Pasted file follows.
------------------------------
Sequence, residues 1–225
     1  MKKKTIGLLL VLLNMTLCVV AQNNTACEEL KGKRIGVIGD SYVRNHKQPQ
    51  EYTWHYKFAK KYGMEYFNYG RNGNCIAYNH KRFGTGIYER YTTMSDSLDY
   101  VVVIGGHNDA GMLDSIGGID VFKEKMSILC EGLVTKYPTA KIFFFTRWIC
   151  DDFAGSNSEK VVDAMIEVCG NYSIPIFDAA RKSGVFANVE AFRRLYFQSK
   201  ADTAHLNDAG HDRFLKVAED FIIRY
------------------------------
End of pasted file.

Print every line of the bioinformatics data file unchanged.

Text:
Sequence, residues 1–225
     1  MKKKTIGLLL VLLNMTLCVV AQNNTACEEL KGKRIGVIGD SYVRNHKQPQ
    51  EYTWHYKFAK KYGMEYFNYG RNGNCIAYNH KRFGTGIYER YTTMSDSLDY
   101  VVVIGGHNDA GMLDSIGGID VFKEKMSILC EGLVTKYPTA KIFFFTRWIC
   151  DDFAGSNSEK VVDAMIEVCG NYSIPIFDAA RKSGVFANVE AFRRLYFQSK
   201  ADTAHLNDAG HDRFLKVAED FIIRY